What is WordPress?

WordPress is a free and open source blogging tool and a content management system (CMS) based on PHP and MySQL which runs on a Web hosting service. It has many features including a plug-in architecture and a template system.

WordPress is used by over 14.7% of Alexa Internet's "top 1 million" websites and as of June 2013 manages 26.4% of all new websites.

WordPress is currently the most popular blogging system in use on the Web, powering over 60 million websites worldwide.


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What You Can Use WordPress For?

WordPress started as just a blogging system, but has evolved to be used as full content management system and so much more through the thousands of plugins, widgets, and themes.

  1. Themes

    WordPress users may install and switch between themes. Themes allow users to change the look and functionality of a WordPress website or installation without altering the information content or structure of the site. Themes may be installed using the WordPress "Appearance" administration tool or theme folders may be uploaded via FTP. The PHP, HTML & CSS code found in themes can be added or edited for providing advanced features. Thousands of WordPress themes exist, some free, and some premium (paid for) templates.

  2. Plugins

    One very popular feature of WordPress is its rich plugin architecture which allows users and developers to extend its abilities beyond the core installation. WordPress has a database of over 24,000 plugins, each of which offer custom functions and features enabling users to tailor their site to their specific needs. These customizations range from SEO (Search Engine Optimization) enhancers to content-displaying features, such as the addition of widgets and navigation bars.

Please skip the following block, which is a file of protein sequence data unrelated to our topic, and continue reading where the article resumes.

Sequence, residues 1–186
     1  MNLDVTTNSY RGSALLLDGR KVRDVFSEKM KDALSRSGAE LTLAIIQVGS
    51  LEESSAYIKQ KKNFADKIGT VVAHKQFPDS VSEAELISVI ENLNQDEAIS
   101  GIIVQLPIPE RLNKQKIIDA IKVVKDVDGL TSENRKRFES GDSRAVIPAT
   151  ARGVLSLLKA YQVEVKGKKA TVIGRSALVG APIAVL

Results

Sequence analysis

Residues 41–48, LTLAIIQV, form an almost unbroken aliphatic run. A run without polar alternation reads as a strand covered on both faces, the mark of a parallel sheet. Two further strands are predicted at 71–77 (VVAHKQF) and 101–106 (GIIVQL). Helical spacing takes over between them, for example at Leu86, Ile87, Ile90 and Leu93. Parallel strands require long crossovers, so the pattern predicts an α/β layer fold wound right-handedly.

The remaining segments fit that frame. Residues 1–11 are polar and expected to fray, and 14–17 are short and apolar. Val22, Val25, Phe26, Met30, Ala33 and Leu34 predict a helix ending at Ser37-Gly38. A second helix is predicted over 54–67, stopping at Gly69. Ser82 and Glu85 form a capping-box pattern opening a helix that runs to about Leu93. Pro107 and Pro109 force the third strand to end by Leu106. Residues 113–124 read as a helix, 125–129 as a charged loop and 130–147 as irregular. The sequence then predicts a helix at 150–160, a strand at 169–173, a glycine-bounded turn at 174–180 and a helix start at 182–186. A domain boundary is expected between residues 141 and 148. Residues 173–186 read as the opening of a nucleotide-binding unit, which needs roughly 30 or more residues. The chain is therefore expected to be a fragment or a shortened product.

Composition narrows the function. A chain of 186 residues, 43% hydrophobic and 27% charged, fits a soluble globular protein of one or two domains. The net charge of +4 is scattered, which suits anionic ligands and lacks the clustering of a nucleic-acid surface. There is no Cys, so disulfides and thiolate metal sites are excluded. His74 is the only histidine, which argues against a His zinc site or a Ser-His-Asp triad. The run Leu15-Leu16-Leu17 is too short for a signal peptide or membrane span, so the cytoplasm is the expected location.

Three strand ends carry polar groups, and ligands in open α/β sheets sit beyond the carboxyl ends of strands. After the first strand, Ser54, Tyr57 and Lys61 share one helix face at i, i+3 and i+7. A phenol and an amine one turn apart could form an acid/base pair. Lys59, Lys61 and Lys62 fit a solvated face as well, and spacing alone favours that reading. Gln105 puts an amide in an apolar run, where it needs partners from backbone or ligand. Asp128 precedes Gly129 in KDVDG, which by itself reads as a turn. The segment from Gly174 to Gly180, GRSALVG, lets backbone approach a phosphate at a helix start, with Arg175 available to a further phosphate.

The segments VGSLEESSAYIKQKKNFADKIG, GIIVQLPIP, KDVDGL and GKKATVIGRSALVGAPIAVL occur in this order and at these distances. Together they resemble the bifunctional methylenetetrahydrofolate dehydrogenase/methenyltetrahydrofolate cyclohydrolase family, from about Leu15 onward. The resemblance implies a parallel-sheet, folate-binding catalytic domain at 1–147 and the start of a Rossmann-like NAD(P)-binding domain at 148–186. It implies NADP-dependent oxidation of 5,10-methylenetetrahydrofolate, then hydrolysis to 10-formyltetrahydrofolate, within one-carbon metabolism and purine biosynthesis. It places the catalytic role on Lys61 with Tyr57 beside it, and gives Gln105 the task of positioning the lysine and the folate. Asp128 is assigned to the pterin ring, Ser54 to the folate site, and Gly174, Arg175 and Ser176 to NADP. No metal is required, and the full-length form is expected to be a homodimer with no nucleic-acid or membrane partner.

3. Widgets

    Widgets are small modules that offer users drag-and-drop sidebar content placement through the implementation of plugins' extended abilities. Some of these Widgets offer customization options such as web forms to fill out, includes or excludes of data and information such as Categories, Archives and Recent Posts, optional images though slideshows and/or carousels, amongst other customization features.These small modules are typically displayed within the header (header.php), footer (footer.php) and sidebars (sidebar.php files) of websites, but can also be placed outside of said locations enabling even further customization.

  4. Multi-user and multi-blogging

    Prior to WordPress 3.0, WordPress supported one blog per installation, although multiple concurrent copies may be run from different directories if configured to use separate database tables. WordPress Multi-User (WordPress MU, or WPMU) was a fork of WordPress created to allow multiple blogs to exist within one installation but is able to be administered by a centralized maintainer. WordPress MU makes it possible for those with a website to host their own blogging community, as well as control and moderate all the blogs from a single dashboard. WordPress MU adds eight new data tables for each blog.



Learn WordPress as a part of Level 2 Web Technologist curriculum